Rob had first seen Elsie almost as soon as he’d started working up at The Lawns, a slight figure gazing out of a ground floor window. It was a big contract, landscaping and replanting the grounds of a sheltered housing complex and it would take at least six weeks his boss said, getting the place looking nice before spring. Rob enjoyed jobs like this, staying in one place for a while and seeing the transformation at the end of it.
His first task had been clearing the ground in front of one of the accommodation blocks, and when he’d straightened up from digging to stretch out his back she’d been there, watching. Her bright scarf had caught his eye even through the glass, and when he looked more closely he could see that all her clothes were unusual, an exotic array of rich colours and fabrics. He was no expert, but it wasn’t the drab skirt and cardigan that most of the other old ladies seemed to wear. And nor did the other ladies wear jewellery like that, or have a cloud of long white hair.
Rob only ever saw her at that same window though, she was never walking in the grounds, or sitting in the lounge when he went inside to the canteen for a coffee. After a week or so he asked one of the staff about the lady in the window.
“Oh that’ll be Elsie” the nurse smiled, “amazing clothes and dripping with jewels?”
“Yes that’s right,” Rob sipped his drink, “what’s her story? She’s always at that window but I never see her anywhere else..”
“She hardly ever leaves her room, and do you know she never speaks?”
The nurse put down her own coffee cup, glad of the chance to tell the tale.
“Well I’ve been here five years and never heard her say a word. She was a theatrical type, singing on the stage, and even made a couple of films I heard. Apparently,” she leaned in towards Rob and lowered her voice for full effect, “she got married, her husband made her give it all up and then not long after he dropped down dead. She came here about eight years ago.”
Rob began to make a point of walking past Elsie’s window, even though he was now working on the other side of the grounds. Feeling rather foolish he would smile at her and even give a little wave. Somehow he felt sure she was watching for him, even though she never gave any sign of recognition.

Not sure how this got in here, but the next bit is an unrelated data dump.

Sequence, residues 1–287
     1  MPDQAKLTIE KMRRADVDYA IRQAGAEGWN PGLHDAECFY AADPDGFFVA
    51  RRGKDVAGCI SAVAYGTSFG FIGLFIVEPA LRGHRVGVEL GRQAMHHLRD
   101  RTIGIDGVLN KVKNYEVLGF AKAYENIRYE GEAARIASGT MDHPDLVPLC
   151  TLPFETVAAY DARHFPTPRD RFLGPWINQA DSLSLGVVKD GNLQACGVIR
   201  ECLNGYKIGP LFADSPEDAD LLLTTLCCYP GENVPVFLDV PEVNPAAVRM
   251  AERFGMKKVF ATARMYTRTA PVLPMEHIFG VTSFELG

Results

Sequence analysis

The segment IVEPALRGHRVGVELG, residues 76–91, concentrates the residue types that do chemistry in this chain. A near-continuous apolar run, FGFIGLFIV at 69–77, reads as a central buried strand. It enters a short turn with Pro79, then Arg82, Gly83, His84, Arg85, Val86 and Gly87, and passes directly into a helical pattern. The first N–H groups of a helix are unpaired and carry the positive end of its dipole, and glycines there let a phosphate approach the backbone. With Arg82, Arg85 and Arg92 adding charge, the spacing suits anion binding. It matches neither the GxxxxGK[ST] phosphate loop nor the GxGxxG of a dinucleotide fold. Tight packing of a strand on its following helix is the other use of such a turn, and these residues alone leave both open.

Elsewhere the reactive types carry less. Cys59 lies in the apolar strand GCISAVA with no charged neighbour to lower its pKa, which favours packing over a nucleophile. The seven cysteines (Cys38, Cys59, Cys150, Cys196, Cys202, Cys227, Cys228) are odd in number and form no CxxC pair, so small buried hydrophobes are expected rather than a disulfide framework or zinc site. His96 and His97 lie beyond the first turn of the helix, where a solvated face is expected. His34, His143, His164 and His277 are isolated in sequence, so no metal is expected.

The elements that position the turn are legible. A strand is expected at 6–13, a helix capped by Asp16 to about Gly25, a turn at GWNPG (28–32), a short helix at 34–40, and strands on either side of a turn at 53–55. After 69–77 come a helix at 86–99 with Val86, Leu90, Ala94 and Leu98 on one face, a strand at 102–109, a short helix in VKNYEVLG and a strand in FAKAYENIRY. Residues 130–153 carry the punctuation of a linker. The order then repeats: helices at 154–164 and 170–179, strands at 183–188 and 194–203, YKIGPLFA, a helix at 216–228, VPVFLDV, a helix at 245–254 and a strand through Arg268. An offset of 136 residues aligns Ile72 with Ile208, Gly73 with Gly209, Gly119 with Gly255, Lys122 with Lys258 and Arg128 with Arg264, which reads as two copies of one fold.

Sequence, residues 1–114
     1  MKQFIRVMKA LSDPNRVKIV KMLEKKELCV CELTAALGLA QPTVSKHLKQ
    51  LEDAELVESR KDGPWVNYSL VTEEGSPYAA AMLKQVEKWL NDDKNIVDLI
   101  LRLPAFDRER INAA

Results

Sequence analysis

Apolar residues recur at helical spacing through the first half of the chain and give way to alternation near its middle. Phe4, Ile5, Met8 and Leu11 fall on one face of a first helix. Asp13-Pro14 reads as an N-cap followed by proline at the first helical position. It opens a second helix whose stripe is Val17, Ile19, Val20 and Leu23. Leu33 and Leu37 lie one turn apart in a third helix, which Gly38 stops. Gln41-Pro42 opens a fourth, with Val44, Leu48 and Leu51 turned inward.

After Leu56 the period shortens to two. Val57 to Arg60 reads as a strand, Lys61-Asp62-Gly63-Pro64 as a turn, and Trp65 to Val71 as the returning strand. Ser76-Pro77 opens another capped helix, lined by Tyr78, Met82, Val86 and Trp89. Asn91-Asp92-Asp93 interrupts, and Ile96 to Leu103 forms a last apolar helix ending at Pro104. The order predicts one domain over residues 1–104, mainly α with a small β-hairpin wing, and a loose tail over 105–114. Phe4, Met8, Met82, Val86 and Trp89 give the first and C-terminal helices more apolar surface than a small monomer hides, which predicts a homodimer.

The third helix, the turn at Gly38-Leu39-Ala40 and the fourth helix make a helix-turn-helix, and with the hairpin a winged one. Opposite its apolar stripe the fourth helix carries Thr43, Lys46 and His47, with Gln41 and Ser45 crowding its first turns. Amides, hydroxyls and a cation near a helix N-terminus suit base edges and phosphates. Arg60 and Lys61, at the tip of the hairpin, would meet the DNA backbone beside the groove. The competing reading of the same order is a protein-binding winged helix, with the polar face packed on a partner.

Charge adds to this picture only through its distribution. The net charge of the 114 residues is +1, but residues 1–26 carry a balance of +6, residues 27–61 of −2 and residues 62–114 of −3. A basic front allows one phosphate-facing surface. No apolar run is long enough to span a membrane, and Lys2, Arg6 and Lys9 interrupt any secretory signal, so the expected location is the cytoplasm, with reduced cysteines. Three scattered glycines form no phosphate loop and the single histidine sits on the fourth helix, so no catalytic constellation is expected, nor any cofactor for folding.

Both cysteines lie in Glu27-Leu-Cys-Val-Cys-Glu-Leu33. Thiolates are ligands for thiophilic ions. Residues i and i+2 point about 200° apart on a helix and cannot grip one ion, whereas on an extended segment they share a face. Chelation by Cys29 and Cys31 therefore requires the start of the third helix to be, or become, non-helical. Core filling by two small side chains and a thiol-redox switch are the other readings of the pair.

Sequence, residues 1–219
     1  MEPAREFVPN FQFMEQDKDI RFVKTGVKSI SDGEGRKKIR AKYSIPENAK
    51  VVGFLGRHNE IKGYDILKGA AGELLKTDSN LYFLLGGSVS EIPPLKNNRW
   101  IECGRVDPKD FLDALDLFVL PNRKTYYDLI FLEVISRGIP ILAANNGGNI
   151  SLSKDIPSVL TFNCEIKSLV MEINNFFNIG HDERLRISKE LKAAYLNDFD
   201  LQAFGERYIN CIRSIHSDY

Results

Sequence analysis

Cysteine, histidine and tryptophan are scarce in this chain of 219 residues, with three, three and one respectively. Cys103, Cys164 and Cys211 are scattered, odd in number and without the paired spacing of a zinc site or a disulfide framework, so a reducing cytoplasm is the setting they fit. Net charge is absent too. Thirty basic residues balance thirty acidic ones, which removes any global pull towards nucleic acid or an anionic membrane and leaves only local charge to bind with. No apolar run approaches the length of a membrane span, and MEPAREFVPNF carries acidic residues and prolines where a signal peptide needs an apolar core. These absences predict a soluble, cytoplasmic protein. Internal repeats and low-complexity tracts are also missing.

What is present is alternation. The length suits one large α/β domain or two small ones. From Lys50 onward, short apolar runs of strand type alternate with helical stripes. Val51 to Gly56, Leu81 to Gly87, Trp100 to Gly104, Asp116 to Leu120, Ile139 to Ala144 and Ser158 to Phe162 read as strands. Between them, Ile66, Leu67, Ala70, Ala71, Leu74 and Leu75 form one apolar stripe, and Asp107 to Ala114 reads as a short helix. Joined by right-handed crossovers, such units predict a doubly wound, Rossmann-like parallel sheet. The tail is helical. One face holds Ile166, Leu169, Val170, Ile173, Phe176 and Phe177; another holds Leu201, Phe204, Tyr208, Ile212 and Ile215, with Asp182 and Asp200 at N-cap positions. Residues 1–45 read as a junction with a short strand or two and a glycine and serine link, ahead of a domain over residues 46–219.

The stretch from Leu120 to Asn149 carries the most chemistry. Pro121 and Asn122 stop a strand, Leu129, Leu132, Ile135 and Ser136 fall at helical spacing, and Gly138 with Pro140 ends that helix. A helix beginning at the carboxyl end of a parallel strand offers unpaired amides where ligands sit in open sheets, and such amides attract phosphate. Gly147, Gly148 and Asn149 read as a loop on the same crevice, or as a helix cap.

The days started to lengthen and winter’s chill was fading. They had taken delivery of a mountain of new plants from the local nursery and there were only the last finishing touches of landscaping work to go.
Rob couldn’t really say why, but the silent lady was still in his thoughts. There were parallels with his beloved Deanna of course. She had disappeared from public view after her marriage and moved to France, but somehow that always seemed a happy outcome while Elsie looked so sad.
He had a kind heart, and he couldn’t stand to think of Elsie alone, the only resident who never had a visitor according to his informant. Nurse Campbell now sought him out at coffee time, happy to have someone new to talk to, until finally Rob asked her if he could visit Elsie. Later that same afternoon Rob took two mugs of tea into the day room and approached the small table where the old lady was sitting, taken there by Nurse Campbell after lunch. She watched him silently with still bright eyes as he put down a plate of chocolate biscuits.
“Help yourself,” he said, but she didn’t move.
“My name is Robert,” he began awkwardly. He began to feel as if he was intruding, but he decided to put aside his misgivings and sitting down opposite Elsie he began to chat.
He told her about the gardening work, the new footpaths and flowerbeds he was creating, but she didn’t seem to hear him, staring unseeing into the middle distance. Then he tried something different.
“I hear you were a singer Mrs Crawford, back in the days when there were proper singers, not like nowadays.” Still nothing but he persevered.
“Deanna Durbin’s my favourite. I’ve loved her since I was twelve,” Rob frowned at the table, picking at a sticky mark with his thumbnail, “I used to imagine I was Franchot Tone…”
He tailed off into embarrassed silence and then looked up. Two bright blue eyes were now fixed on his. She was listening, he was sure of it.
Rob carried on talking, about his favourite films and songs, his Gran, and his record collection. Eventually he’d drunk his tea and eaten most of the biscuits. Elsie had touched neither, but her gaze had not wavered until a member of staff suddenly bustled past rattling a tray of crockery. Then she immediately seemed to retreat back into herself and the blue eyes looked vacant again, but Rob knew he’d got through to her.
Final instalment next week…